study gave rise to the hypothesis that some aspect of language devel- opment depended upon the matu- ration and processing of somato- sensory and vestibular input and the generalized capacity to make adap- tive responses. Since the initial study, interest in

n an early study (I) of the effect of

proced u res on

academic achievement among edu- cationally handicapped children, students with primary problems in the auditory-language domain made greater academic gains than did a matched control group. While there was a significant difference bet ween the groups in academic gain, in- spection of the data indicated that not all children with language' deficits were equally responsive. The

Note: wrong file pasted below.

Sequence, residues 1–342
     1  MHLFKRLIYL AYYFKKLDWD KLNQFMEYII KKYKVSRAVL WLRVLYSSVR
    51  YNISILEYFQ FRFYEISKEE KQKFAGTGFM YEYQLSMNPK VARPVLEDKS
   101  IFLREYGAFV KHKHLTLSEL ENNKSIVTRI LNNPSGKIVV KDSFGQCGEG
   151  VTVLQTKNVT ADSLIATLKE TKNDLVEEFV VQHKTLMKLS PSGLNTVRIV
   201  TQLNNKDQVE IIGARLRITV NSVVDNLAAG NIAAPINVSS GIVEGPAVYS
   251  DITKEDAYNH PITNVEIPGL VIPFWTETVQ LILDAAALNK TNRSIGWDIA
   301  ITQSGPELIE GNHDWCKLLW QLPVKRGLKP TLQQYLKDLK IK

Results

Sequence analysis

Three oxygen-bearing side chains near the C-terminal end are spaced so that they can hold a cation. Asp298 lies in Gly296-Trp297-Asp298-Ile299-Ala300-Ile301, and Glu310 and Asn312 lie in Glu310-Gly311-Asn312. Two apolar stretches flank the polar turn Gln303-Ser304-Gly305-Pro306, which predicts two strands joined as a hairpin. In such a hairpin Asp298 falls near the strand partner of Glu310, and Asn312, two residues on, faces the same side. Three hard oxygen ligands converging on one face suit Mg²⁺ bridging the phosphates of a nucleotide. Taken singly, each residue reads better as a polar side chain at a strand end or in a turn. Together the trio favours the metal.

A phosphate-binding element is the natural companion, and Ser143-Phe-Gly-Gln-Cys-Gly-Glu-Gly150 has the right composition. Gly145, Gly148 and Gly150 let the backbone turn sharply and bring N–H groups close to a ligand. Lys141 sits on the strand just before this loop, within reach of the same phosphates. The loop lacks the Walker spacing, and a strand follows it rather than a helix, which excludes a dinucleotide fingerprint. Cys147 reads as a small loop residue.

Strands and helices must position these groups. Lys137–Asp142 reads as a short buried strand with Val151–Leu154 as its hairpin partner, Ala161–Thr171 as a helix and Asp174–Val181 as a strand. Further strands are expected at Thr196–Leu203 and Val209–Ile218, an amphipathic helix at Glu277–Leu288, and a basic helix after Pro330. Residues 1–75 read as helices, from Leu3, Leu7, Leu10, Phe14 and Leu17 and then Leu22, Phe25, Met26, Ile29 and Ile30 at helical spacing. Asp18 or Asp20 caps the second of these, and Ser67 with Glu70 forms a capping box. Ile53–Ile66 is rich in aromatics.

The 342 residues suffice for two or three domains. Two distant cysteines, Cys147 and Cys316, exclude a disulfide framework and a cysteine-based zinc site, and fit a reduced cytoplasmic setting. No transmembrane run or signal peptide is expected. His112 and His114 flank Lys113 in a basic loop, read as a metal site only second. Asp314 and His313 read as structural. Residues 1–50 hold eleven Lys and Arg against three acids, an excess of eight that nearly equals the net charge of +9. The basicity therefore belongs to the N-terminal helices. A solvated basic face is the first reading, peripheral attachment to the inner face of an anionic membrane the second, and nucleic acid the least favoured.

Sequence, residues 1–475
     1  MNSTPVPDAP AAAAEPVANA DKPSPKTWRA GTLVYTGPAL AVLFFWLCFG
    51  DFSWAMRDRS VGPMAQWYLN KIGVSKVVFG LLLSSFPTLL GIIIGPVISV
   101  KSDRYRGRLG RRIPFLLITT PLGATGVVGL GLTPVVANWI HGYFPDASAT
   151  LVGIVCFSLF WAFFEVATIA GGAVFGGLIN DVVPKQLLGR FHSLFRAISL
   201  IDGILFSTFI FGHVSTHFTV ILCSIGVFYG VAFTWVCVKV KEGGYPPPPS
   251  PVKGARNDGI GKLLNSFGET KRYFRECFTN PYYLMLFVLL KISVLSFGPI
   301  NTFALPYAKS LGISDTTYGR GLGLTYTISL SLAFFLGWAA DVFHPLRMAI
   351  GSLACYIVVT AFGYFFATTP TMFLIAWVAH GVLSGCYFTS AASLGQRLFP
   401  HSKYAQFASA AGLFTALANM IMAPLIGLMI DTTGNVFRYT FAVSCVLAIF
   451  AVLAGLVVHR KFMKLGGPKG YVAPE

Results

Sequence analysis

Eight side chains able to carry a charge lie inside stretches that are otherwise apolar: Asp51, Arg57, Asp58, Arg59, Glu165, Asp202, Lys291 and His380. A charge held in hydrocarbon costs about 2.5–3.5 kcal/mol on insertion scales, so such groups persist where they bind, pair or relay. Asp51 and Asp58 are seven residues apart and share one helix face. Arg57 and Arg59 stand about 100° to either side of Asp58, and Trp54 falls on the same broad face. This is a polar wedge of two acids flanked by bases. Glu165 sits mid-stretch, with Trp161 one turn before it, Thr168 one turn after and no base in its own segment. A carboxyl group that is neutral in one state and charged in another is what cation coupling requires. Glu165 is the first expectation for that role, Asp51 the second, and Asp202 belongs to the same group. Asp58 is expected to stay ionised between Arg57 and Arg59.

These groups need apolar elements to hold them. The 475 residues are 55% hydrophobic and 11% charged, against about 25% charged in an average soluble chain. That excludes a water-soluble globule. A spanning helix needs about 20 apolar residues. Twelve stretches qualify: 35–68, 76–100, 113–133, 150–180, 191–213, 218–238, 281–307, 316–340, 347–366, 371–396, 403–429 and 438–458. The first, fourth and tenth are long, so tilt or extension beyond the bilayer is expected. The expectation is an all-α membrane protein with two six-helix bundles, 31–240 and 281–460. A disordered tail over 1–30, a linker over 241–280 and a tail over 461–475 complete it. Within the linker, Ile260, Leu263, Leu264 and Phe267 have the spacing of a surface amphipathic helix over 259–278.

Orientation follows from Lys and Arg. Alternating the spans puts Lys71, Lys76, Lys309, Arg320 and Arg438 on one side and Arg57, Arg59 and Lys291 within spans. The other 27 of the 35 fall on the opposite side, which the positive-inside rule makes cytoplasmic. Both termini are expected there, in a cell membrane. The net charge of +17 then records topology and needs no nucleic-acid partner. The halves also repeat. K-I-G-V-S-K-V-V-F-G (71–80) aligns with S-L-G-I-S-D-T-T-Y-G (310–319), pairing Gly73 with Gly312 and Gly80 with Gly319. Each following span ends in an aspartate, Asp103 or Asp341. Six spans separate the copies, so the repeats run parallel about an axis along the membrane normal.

I

sensory integra tion

A. Jean Ayres, Ph.D., OTR, is Adjunct Associate Professor of Occupational Therapy, University of Southern California. She also IS in private practice.

Zoe Maillou\, M.A., OTR, IS research assistant to A. Jean Ayres, Instructor of Occupational Ther- apy, University of Southern Cali- fornia, and a staff therapist at T 01'- ranee Memorial Hospital, Torrance, California.

The American Journal of Occupational Therapy

383

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Table 1 Scores on Southern California Sensory Integration Tests. on Southern California Postrotary Nystagmus Test.
Table 1
Scores on Southern California Sensory Integration Tests. on Southern California
Postrotary Nystagmus Test. and on Clinical Observations
Case
A
B
C
D
Age: (years-months)
4-0
4-7
4-10
5-3